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Why pet owners are switching to online vet care with Dutch

  • Prescriptions delivered free to you

  • Fast access to Licensed Vets over video

  • Unlimited video visits and follow-ups

While it's natural for cats to vomit or cough up hairballs on occasion, excessive and frequent vomiting is not healthy and could be a sign of a more serious underlying health condition. In most cases your cat’s urge to vomit is simply caused by an upset stomach, but in others, you might need to seek immediate veterinary attention.

Your cat’s stomach upset could be caused by something they ate, a toxin they ingested, or a virus or parasite. In rare but more serious cases, persistent stomach aches might be a sign of cancer or certain organ conditions. In this article, we’ll cover the common causes of persistent vomiting in cats and describe potential treatment options.

Reasons Your Cat May Be Throwing Up

There are a number of normal situations in which your cat might vomit, including the release of an undigested furball. Cats naturally self-groom and will in turn ingest fur, which their bodies digest in most cases. However, in some cases, your cat might not be able to completely digest a hairball, causing regurgitation.

it’s common for cats to regurgitate fur balls

Your cat may also have vomited if they ate too much food, too quickly. If your cat is eating too quickly, it's important to encourage them to slow down so that they don't develop digestive issues or become dehydrated from vomiting. Excessive vomiting can also lead to issues in your cat's esophagus because of the caustic stomach acids.

Here are some other common reasons your cat could be vomiting:

  • Parasites
  • Dietary sensitivity
  • Constipation
  • Ulcers
  • Cancer
  • Toxin Ingestion
  • Pancreatitis
  • Kidney disease
  • Liver disease
  • Diabetes
  • Feline infectious peritonitis
  • Cancer

Because this is not a complete list of possible causes for a vomiting cat, it’s critical to consult with your vet to help determine why your cat keeps throwing up.

If your cat is suffering from bouts of vomiting, avoid giving them food for around 12 hours and provide them with water ; gradually introduce bland food when the vomiting has stopped. If your cat is still vomiting after you've stopped feeding them, it's important to seek veterinary care immediately since this might be because of certain serious health conditions such as hyperthyroidism in cats.

Stress or anxiety might also cause your cat to vomit, so if your restless cat is vomiting unexpectedly you might think about any recent changes to their routine that might be stressing them out. In rare cases, vomiting can be a sign of a cat panic attack.

Symptoms of cat PTSD may also include vomiting if your cat is nervous or presented with a similar stimulus to that which caused the trauma.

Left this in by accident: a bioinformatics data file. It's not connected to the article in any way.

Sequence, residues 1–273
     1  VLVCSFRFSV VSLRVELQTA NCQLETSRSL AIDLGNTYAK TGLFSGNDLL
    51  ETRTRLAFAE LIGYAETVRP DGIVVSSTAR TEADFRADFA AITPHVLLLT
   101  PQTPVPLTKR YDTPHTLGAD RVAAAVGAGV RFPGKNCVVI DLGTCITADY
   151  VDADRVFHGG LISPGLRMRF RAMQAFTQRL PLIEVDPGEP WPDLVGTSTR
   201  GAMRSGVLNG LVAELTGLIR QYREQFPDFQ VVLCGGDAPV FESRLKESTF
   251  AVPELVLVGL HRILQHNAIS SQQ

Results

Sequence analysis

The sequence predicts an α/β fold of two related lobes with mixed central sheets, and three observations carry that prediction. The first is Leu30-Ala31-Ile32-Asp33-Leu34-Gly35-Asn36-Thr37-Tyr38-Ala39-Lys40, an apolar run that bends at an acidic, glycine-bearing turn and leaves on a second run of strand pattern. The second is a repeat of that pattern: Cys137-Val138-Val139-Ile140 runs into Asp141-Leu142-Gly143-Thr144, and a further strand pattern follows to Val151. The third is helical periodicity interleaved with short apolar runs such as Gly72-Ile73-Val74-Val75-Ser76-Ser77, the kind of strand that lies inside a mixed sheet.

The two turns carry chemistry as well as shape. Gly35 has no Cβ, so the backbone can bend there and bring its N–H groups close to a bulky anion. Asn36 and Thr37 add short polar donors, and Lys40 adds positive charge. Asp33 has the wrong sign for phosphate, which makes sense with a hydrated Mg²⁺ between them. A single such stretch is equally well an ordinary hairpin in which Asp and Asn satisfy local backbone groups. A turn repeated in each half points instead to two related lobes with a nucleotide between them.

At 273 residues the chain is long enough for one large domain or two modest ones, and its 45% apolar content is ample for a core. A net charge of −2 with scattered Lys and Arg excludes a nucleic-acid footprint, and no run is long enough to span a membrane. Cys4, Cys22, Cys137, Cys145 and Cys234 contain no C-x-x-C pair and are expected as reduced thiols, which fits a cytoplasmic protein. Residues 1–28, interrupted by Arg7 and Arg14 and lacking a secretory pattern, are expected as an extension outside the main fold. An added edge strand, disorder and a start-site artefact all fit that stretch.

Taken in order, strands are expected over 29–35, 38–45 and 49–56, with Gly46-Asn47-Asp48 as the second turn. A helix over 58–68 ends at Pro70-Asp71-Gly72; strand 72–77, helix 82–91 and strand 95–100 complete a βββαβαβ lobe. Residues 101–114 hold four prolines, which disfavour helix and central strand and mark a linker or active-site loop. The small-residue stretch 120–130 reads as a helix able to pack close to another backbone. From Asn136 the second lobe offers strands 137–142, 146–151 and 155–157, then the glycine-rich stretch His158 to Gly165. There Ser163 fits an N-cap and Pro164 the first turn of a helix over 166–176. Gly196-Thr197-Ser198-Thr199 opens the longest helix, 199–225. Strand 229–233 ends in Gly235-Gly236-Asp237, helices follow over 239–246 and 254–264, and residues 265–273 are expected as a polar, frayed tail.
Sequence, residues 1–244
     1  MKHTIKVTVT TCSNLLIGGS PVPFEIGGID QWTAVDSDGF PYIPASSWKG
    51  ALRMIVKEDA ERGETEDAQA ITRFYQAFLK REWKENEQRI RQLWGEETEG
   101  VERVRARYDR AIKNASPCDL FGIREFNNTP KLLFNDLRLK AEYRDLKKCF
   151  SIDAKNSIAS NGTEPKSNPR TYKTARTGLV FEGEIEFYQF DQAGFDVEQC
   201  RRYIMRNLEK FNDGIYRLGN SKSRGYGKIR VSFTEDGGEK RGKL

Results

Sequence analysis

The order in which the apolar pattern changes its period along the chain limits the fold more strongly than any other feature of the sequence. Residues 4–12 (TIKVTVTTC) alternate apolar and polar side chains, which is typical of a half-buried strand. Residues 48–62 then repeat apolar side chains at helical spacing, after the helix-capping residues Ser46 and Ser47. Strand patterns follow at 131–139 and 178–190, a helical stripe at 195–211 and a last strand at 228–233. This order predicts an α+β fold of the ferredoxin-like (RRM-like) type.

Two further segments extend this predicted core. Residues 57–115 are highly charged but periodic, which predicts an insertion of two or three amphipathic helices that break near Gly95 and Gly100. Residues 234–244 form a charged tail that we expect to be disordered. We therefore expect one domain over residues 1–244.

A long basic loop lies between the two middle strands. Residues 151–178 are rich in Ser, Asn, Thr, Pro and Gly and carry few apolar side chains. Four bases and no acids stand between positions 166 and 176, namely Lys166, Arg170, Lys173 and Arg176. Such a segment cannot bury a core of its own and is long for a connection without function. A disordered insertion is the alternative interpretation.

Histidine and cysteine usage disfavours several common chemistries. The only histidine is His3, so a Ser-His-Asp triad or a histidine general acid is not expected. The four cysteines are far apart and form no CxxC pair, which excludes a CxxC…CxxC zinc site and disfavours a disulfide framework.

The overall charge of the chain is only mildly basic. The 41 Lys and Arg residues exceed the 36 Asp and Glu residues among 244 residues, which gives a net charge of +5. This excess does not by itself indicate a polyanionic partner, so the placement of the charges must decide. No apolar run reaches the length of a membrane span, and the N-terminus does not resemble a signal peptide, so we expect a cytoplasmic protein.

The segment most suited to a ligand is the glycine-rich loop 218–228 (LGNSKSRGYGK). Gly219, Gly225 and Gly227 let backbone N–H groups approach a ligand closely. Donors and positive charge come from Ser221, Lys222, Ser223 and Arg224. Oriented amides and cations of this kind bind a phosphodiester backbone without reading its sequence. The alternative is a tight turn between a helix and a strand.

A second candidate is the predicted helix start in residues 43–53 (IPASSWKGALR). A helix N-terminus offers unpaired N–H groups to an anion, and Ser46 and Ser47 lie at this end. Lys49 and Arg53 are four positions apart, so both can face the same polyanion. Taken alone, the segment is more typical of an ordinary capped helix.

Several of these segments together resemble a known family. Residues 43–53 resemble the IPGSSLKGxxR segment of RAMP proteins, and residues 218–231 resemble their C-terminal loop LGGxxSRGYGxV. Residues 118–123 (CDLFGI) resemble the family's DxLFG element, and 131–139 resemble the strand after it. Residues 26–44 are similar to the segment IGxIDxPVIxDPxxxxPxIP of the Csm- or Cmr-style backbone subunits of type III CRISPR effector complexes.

Cat Vomit: What to Look for If Your Cat Keeps Throwing Up

The appearance of your cat’s vomit may hold clues to their illness or irritation. Do you spot any of the following in your cat’s vomit?

  • Yellow hue/bile - It's not uncommon for cats who are vomiting to expel bile when they have an empty stomach. If your cat has been vomiting often, and you stop feeding them in an attempt to ease their symptoms, this bile may be more pronounced. 
  • Blood - If you see blood in your cat's vomit, this is a sign of a serious irritation and might mean that your cat's stomach lining and esophagus are being burned by increased stomach acid while your cat vomits, which can lead to ulcerations.
 If you notice blood in your cat’s vomit, contact your veterinarian immediately
  • Foam - White foam typically comes from vomiting up water. Some cats can also white foam around their mouth after tasting something caustic or bitter. A foaming mouth can also be a symptom of other health conditions.
  • Intestinal Parasites - Intestinal parasites are some of the most common cat parasites, and an infestation might cause your cat to vomit roundworms. This is why it's important to inspect your cat's fecal matter and vomit if you suspect they're ill. This information could be helpful for your vet when they are diagnosing and providing a treatment plan.
  • Undigested food / hairballs - If your cat eats too much too fast, is unable to digest what they ate, or develops a hairball, they may vomit. In most cases this will resolve on its own, but sometimes hairballs and food can cause blockages in the intestine, which can lead to death.
  • Brown hue - If you notice any brown liquid or a brown hue in your cat's vomit this could be a sign of digested blood in their GI tract.
  • Green hue - Green-colored vomit can also indicate the presence of bile. When food and bile mixes together in your cat's digestive system, sometimes it creates a green color.

Regardless of color, if your cat is continuously vomiting, it’s important to contact your veterinarian as soon as possible before symptoms worsen.

When To Call Your Vet If Your Cat Is Throwing Up

While all cats may vomit occasionally from stomach upset, there are certain signs that you should seek counsel from your vet: